It’s better to try – and occasionally fail – with grand creative endeavours, rather than not try at all, says Paul Finch
In one of the episodes of Larry David’s hit TV comedy Curb your Enthusiasm, he makes a point about viruses. You shouldn’t condemn them all out of hand. There are good ones, as well as bad.
I feel the same way about vanity projects – potentially wonderful work for architects but, as with any creative endeavour, success is not guaranteed. Better to try and occasionally fail, rather than not try at all.
In the generalised attacks on the new prime minister, the following have been identified as ‘vanity projects’: a bridge across the Channel, HS2, a Manchester-to-Leeds railway line, Olympicopolis (now renamed East Bank), and Thomas Heatherwick’s buses (surely better than the cyclist-killer bendy-buses).
This is rather odd, since all the above have specific purpose or function, with or without the support of a single individual. In other words, if one political party supports something, it is good, but if their opponents support it, all is vanity. I support all of the above and, if an individual’s reputation is enhanced as a result, good for them. Boris Johnson’s support of the Great Northern Powerhouse is as welcome as George Osborne’s. Perhaps it will happen this time round.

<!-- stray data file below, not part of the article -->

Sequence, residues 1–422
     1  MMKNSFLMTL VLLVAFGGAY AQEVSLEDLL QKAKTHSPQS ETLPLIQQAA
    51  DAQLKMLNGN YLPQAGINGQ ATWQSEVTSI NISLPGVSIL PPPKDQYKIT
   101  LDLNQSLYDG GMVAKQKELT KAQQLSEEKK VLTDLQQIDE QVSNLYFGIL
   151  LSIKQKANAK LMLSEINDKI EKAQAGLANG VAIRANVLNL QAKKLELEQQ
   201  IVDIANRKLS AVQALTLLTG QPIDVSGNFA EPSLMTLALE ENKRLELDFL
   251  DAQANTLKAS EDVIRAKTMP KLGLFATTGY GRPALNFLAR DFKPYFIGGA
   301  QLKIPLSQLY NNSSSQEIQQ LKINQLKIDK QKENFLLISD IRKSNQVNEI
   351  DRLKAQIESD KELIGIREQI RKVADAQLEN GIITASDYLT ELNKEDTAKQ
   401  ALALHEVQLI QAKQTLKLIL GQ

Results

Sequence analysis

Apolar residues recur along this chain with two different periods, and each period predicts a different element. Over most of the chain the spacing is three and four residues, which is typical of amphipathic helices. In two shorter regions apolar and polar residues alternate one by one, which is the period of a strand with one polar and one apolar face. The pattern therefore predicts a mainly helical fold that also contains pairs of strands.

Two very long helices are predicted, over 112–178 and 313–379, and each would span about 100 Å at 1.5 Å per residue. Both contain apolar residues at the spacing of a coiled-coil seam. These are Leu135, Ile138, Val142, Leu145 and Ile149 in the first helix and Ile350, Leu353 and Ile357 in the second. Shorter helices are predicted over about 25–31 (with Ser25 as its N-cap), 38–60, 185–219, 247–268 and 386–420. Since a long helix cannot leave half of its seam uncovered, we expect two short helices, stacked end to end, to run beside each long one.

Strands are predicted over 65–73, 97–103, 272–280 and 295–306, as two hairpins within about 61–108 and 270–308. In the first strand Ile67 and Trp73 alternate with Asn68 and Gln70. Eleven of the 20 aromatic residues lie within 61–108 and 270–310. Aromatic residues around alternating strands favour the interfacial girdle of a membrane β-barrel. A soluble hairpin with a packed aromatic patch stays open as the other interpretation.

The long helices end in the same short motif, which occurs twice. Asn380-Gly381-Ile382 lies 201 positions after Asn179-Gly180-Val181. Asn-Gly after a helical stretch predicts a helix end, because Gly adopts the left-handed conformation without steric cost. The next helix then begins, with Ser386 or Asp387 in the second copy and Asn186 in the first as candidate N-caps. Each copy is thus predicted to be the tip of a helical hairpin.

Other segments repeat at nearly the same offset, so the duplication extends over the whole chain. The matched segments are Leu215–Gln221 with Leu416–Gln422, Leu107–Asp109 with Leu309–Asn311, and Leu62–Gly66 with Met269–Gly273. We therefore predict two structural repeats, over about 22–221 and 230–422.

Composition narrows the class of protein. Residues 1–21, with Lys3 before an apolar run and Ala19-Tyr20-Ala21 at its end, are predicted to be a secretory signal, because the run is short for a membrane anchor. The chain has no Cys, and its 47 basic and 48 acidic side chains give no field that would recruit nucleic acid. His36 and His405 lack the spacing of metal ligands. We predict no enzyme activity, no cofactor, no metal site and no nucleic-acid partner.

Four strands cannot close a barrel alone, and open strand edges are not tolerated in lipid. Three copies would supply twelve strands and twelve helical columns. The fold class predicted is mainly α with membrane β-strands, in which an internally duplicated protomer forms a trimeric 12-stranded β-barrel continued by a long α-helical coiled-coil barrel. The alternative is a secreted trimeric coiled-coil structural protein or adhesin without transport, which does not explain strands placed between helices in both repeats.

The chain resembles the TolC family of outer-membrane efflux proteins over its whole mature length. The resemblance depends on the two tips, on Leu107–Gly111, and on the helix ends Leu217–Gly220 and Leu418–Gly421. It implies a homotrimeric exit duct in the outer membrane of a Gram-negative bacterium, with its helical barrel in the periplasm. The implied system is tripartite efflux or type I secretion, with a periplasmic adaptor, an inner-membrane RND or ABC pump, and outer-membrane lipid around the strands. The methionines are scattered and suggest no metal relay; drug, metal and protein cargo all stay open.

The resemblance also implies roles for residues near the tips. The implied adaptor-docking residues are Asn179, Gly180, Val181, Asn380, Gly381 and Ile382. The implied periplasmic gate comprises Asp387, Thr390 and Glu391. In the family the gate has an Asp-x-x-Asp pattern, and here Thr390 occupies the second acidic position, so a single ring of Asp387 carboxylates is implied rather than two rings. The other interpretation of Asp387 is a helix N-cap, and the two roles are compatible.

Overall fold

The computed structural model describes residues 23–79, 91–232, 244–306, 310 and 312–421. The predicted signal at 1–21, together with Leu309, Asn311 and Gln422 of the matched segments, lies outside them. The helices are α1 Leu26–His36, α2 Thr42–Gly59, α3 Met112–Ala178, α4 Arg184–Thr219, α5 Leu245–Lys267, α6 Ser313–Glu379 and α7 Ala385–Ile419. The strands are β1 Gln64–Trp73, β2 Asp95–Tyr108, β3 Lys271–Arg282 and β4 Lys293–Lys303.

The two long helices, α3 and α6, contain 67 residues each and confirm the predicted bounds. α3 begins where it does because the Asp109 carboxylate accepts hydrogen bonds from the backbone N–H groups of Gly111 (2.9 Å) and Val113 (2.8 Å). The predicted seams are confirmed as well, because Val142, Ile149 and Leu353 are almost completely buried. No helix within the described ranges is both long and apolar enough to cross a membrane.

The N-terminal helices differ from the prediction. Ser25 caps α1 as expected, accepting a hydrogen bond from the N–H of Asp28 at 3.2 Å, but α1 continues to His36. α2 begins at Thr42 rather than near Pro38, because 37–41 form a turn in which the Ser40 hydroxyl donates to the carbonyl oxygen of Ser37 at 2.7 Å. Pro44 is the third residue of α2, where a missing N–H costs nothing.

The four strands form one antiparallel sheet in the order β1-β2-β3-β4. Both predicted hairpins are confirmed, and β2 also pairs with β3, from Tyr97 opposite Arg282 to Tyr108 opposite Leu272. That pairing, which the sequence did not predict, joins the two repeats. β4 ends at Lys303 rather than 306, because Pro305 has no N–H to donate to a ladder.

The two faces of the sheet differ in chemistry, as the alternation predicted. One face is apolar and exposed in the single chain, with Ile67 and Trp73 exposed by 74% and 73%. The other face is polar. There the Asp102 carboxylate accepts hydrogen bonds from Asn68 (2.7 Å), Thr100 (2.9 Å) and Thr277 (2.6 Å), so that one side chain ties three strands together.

Moreover, there are plenty of examples where civic pride is difficult to distinguish from mayoral vanity, if that is the right word. Any Olympic bid, for example, is unlikely to be successful unless there are some particularly driven individuals who want to make it happen. Miserabilist opponents will huff and puff until success appears on the horizon, at which point they change their turgid tune.
Public monuments are another example, the Eiffel Tower being primus inter pares. Ditto iconic civic or cultural buildings like the Sydney Opera House or the Pantheon – or those libraries and other buildings funded by Andrew Carnegie.
Does ‘giving something back’ count if it has a name attached to it? A good question in the light of controversy over the Sackler family name, now being removed from some cultural institutions because of the provenance of the funding. Presumably some Nobel prize winners will be thinking about handing the money back to the sponsor, given its origins (dynamite, etc).
So let’s hear it for good vanity projects (Diocletian’s Baths), while being rightly critical of poor ones (the ArcelorMittal Orbit at Stratford). But let’s remember that there is nothing so vain as the vanity of the critically self-righteous.
The list of ‘alternative’ RIBA Gold Medal winners, all women, is an interesting idea which the organisers should be careful not to undermine as a result of a slapdash approach to history, chronology and specific achievement at the date of the prospective award.
A serious study would make the case for a substitute winner, but explain why they were better than the person (virtually always male) who was actually awarded the medal in a given year.
As argued in this column before, one could also make a case for some male architects having a better claim to the medal than actual recipients, particularly the ludicrous award to the entire City of Barcelona in 1999.